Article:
We wanted to have a look at a topic that always present in our industry but even more so in light of the current world crisis. Recently there has been an increased focus on more inclusive valuation methods, with an increasing opinion that traditional ways of determining business value are insufficient to deal with fast moving businesses in the modern era.
Different methods result in different valuations. This is ever important given the lack of an open market for private assets to be traded, and thus be assigned an instant market value. The traditional methods in use in private markets such as discounted cash flow, price-earnings and market value use or at least justify forecasts based on historic financial performance. The complaint typically says that traditional valuation methods are not completely suitable for modern businesses which may be growth-oriented companies albeit with negative cash flows.
More inclusive methods such as customer-based corporate valuation (CBCV) have been used to great publicity for some high profile cases, the main proponents being Theta Equity Partners, who have successfully demonstrated that the IPO valuations of certain companies were mispriced – simply by incorporating a measure for customer behaviour. In one highly publicised case, Theta performed a valuation on a home-goods e-commerce retailer, and concluded the stock price was less than 16 of the going market price – again highlighting the inadequacies of current frameworks, especially the perfect market assumption.
In addition, other more modern drivers of valuation and customer behaviour such as ESG, can influence the risk adjusted valuation of any business – even where the historical fundamentals of that business are good. ESG is an interesting field of study, as a lot of the data needing to be collected, audited and benchmarked, are not financial data. Rather, they are measures of improvement in certain societal outcomes, for example, carbon abatement, water usage, or employee diversity.
All of these measures call for an improvement to the way that private markets participants handle and aggregate their data. It’s not enough to consider systems on their own – systems that don’t have the right processes designed around them, can easily fail to do their jobs. The ideal scenario we would see, is where participants from investors to fund managers, to operators of portfolio companies, are able to transmit data and transact business, in the same ecosystem. This is a theme to which we will return from time to time, as it is something we truly believe in.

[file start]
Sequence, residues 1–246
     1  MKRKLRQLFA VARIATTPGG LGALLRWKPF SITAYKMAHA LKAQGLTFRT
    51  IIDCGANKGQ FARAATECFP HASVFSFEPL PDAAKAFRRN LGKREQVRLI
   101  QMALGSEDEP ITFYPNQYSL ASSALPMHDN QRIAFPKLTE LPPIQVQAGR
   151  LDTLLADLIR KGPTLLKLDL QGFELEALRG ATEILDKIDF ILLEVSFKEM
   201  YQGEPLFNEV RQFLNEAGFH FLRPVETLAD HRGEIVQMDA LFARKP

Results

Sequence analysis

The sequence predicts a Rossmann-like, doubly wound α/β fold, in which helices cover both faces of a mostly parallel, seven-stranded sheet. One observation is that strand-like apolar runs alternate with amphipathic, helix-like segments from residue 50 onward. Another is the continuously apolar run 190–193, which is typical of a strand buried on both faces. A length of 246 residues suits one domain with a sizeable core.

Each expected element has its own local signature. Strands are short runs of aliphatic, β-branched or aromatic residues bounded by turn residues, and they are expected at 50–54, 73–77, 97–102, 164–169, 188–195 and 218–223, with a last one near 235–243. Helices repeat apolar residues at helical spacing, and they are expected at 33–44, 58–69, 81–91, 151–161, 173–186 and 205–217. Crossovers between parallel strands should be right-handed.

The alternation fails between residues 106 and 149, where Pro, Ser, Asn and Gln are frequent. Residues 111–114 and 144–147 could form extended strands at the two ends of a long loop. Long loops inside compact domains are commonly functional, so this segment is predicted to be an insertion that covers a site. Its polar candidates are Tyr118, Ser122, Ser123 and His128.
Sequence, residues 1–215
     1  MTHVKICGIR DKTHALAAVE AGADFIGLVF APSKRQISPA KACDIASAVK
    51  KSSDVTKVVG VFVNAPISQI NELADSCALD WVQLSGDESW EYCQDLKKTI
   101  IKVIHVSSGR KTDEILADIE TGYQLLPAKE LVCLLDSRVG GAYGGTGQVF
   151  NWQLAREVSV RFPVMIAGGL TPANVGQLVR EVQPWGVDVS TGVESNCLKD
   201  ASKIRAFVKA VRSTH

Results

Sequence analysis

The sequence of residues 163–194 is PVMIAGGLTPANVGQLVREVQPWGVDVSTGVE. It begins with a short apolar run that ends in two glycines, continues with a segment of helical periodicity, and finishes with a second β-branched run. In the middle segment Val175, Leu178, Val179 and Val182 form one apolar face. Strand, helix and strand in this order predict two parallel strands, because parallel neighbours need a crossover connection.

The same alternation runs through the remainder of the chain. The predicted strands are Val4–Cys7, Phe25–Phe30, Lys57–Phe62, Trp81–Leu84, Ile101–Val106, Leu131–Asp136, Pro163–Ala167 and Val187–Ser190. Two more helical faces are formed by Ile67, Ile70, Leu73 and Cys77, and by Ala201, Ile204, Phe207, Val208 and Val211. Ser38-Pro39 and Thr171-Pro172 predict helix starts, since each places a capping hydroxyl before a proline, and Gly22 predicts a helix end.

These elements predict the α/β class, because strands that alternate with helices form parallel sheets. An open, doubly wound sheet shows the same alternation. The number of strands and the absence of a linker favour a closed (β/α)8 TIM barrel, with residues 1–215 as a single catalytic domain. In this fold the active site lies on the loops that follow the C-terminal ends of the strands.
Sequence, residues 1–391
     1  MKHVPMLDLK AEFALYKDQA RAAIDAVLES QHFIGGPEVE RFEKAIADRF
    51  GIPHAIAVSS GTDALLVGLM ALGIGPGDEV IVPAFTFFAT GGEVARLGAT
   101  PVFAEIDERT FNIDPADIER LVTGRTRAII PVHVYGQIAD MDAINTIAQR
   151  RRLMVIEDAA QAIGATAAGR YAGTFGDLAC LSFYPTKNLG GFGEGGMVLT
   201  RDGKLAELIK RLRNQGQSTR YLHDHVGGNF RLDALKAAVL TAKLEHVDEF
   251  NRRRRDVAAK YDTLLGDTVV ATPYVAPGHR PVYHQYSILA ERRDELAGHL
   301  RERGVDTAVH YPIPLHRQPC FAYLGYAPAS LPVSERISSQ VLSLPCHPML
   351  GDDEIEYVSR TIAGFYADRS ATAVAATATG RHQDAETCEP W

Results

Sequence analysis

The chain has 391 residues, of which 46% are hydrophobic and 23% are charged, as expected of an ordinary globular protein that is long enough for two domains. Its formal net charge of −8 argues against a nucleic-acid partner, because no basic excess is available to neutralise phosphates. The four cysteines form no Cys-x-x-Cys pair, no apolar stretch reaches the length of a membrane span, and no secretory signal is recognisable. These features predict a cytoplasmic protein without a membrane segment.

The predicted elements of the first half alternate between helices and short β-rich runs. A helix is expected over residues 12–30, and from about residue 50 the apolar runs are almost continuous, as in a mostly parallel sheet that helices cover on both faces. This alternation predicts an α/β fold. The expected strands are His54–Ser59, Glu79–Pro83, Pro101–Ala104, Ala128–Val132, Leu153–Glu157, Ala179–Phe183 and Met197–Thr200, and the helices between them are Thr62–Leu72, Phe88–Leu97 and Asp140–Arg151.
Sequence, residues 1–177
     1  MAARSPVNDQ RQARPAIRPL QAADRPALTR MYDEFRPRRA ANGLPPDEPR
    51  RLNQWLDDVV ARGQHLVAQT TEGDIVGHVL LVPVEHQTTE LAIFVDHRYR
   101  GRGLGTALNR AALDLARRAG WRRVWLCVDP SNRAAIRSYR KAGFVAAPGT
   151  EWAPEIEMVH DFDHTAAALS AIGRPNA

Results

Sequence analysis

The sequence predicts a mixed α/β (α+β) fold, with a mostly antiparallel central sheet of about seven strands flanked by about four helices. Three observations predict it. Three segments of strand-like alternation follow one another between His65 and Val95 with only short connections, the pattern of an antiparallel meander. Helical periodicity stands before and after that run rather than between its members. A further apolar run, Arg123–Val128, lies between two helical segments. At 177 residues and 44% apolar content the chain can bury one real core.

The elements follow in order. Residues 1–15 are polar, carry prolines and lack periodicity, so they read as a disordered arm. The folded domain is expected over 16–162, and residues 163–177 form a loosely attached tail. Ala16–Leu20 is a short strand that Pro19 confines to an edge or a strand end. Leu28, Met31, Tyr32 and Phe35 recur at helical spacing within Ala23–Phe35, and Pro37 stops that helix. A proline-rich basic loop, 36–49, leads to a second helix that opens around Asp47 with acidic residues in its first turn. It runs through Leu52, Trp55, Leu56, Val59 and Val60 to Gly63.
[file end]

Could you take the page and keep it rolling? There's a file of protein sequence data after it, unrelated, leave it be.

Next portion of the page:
Discussions around these topics frequently turn to AI and robotics. But the key issue with these discussions in the context of private markets and alternative assets is the lack of uniformity in fund formation and then in deal construction. AI and robotics depend on repeatability – and without it, we can end up with just expensive toys. We believe that as the investment markets converge, AI will eventually become a reality for alternative assets – but it certainly will take longer than what some people would have us believe.
If there is a common theme, it is that the pace of change is so rapid that the utility of historic data can rapidly be depreciated because the situation can change in the blink of an eye.
Covid-19 (Coronavirus) and impact on valuations
The IFRS accounting standards mandates the use of fair value for valuing investments (IFRS 13) as does the FASB (ASC Topic 820). As leading valuation experts Duff & Phelps held on a recent webinar, it’s important to note that Fair Value does not equate to a fire sale price – healthy to remember this when most of the press is bleak. As anyone involved in valuing a company can tell you, of course we would need to take the effect of Covid-19 into account when assessing factors on enterprise value (EV) such as revenue, supply chain, operations and liquidity.
In addition, for quarter end March 31 valuations, we must bear in mind that a lot of companies simply are not open – therefore it can be difficult to assess the full impact of shutdowns around the world.
The key takeaway is that one should remain pragmatic and calm during the valuation process, taking into account all available information, and indeed, using the last known valuation as a guideline and starting point. It behoves us to leave the more sensational reporting in the news media alone wherever possible.
Author: Redmond Lee